Review of Mirror Explodes Album by The Warlocks

Review of The Warlocks album Mirror Explodes

The Warlocks Mirror Explodes Album

Behind all the press hype and stories of massive quantities of drug intake The Warlocks have always been one of the strongest bands under the space-rock/psychadelica umbrella. In their ten year lifespan the ever-changing collective, headed by lead vocalist Bobby Hecksher, have amassed an impressive back-catalogue of driving acid-soaked jams that have seen them retain a dedicated following past the media spotlight shunning that occurred not far after the release of their breakthrough album, 2003's 'Phoenix'. However for the first time it feels like the septet are beginning to run out of fuel, and after the career highpoint of 2007's 'Heavy Deavy Skull Lover' 'Mirror Explodes', their second release on Tee Pee Records, finds the band losing velocity and losing ground.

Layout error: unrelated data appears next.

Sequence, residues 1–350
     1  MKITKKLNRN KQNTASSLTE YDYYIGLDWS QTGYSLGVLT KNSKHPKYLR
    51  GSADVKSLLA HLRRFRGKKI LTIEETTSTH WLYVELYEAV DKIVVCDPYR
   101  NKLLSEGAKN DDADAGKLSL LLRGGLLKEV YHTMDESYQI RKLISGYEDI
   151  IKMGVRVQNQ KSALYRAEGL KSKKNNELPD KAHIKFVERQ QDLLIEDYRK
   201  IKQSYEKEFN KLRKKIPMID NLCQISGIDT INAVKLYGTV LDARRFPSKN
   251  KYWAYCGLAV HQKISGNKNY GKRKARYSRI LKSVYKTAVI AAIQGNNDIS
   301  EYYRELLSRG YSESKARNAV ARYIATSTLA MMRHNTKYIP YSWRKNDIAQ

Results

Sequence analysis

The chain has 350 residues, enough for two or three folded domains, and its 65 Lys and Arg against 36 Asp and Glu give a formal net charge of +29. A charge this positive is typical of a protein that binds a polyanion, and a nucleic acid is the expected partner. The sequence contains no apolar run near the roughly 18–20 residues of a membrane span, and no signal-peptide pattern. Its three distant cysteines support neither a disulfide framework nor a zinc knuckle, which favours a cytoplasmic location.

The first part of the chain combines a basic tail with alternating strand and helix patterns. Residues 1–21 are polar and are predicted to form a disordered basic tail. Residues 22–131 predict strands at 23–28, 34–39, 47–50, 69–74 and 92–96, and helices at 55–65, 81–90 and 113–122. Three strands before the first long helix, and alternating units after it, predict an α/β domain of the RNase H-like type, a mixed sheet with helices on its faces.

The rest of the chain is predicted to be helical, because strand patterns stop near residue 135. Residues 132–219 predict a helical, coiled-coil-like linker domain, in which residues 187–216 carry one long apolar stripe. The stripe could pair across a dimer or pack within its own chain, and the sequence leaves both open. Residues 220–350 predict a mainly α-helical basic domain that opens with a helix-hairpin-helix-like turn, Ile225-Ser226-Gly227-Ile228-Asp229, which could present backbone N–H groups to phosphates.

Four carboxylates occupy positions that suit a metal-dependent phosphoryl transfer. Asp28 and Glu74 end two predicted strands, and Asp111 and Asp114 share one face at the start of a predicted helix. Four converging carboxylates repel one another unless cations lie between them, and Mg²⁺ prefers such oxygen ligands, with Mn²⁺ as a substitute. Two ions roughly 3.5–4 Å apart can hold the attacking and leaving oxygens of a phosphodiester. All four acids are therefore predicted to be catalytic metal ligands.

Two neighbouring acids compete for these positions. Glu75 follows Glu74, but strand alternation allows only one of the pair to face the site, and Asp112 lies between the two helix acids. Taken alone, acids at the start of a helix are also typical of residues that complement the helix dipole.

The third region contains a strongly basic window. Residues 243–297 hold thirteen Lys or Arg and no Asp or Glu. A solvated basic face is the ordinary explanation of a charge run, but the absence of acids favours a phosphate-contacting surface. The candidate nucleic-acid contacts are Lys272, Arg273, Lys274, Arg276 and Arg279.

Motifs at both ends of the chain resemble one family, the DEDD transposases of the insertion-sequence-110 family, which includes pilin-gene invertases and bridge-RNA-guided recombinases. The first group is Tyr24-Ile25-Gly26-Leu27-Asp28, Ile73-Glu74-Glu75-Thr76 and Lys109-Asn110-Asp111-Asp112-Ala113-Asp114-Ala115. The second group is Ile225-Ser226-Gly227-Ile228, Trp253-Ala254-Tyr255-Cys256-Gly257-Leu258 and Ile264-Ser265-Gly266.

More than anything 'Mirror Explodes' lacks the fire of its predeccesor. The band sound restrained when in the past they have sounded wild and unrelenting. 'Red Cinema', the album's opener, strolls along on a tired riff and typical moaned vocals, going nowhere over the space of five and a half minutes. Theres a huge debt, more obvious than ever, to the late eighties droning of Spaceman3, but there is none of the anger, none of the emotion bar a few nervous/paranoid shrieks. In comparison to The Black Angels, who traced the formula but scribbled over with enough black ink to offer something fresh and vital, The Warlocks offerings sound resolutely impotent.

The late eighties referencing carries on into the albums midpoint, 'There Is A Formula For Your Despair', which is little more than a tribute-band ode to Galaxie 500. But here again the end result never comes close to matching up, due to a lack of emotion and even presence. G500 made two chords ringing out slowly from a single clean (bar an overdose of reverb) guitar sound bleak, beautiful and haunting. The Warlocks merely make it sound tedious.

For all their members and racks of effects The Warlocks have made an album that is extremely shallow and substanceless, and much inferior to the majority of their back-catalogue. Even the most dedicated follower will find little within 'Mirror Explodes' that hasn't been done better countless times, either by the band or by their predecessors.


Jordan Dowling

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